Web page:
NML Profile – Nga Than

Name: Nga Than

GC Program/Level: Sociology Program/ Level III


My NML project is a website to showcase students’ public sociology projects. It hosts students’ projects from the course Sociology of the Gig Economy at Hunter College, a graduate level course that examines different aspects of the gig economy. Over the semester, students will investigate issues associated with gig work, and how technological changes have given the rise to the gig economy. During the semester, we will publish two public pedagogy projects. The first project is a series of research summaries, where students will use jargon free, approachable language to distill sociology scholarship to the wider public. The second project that we will co-produce as a class is a one-season podcast series, titled Voices of the Gig Economy, that examines the impacts of the Covid-19 pandemic on gig workers, organization of gig work.

How has the NML helped you with your project?

The NML community has inspired me in becoming a public pedagogue. For example, Anna Zeemont’s Digital Writing/Digital Worlds shows that students can create public scholarship at any stage of their academic career. Christina Katopodis’s The Waden Soundscape introduces the idea that podcasts can be a great educational medium. Building on their public humanities projects, I incorporate an podcast assignment in my sociology class to ask students to engage with important debates around the Gig Economy. So far, NML has provided me with ideas, and inspirations.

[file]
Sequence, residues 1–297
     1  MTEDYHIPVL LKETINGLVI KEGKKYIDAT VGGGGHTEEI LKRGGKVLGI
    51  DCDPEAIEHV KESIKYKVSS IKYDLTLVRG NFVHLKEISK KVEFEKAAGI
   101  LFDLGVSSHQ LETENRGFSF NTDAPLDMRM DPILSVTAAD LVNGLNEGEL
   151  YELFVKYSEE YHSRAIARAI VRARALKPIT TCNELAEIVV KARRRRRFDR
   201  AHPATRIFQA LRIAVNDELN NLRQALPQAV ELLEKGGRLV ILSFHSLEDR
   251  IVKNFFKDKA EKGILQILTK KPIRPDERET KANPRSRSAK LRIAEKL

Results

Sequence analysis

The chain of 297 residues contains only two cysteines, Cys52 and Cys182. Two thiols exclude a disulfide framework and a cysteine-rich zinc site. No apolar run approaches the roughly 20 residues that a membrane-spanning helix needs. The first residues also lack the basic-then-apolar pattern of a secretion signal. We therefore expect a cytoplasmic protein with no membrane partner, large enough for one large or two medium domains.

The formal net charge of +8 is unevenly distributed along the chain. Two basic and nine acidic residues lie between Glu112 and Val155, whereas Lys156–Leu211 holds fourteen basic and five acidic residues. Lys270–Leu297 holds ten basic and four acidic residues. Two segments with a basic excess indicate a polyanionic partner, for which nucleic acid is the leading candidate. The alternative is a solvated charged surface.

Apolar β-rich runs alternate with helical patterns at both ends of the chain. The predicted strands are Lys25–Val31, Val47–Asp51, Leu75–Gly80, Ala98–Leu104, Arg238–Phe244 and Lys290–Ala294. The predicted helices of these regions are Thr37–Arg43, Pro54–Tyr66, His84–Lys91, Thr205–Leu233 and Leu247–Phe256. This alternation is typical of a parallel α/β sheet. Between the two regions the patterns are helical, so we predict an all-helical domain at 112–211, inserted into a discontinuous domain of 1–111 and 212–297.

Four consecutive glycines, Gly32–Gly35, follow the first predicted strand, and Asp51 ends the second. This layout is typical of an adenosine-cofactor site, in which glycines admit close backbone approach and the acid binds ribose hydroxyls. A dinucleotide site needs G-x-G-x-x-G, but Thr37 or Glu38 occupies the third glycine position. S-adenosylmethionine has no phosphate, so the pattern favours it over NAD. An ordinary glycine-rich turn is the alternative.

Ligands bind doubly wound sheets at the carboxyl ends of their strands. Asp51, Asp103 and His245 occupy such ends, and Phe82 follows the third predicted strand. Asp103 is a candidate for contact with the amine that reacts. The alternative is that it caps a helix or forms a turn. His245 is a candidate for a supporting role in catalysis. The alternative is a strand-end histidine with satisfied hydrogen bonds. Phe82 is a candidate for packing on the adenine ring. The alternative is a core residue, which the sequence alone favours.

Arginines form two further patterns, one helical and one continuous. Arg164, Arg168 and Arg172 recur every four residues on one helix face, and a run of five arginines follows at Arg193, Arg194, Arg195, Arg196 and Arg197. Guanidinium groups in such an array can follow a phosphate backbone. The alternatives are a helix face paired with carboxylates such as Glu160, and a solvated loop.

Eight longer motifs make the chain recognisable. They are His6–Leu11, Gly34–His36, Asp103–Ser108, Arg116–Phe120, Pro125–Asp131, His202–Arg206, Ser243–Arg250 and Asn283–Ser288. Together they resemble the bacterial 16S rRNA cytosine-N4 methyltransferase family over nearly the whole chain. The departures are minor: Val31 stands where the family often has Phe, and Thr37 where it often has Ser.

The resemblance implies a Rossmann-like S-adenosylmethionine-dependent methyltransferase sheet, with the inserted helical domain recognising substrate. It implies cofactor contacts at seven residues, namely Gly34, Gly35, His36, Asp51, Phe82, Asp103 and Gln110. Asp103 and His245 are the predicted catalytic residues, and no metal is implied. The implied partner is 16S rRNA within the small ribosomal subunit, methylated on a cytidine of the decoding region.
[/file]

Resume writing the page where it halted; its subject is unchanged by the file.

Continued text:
How has coronavirus impacted the work on your project? 

The idea of creating a public pedagogy project came out of the constraints of teaching during the COVID-19 Pandemic. These conditions has forced me to come up with assignments that allow for critical examination of sociological texts, while engaging with contemporary debates. The most challenging issue for me is to not be able to go to the Lab and exchange ideas with other lab members about how I can improve my project, and trouble shoot problems along the way. If we could arrange a one-on-one randomized meeting for members of the lab to know each other more, it would be great.

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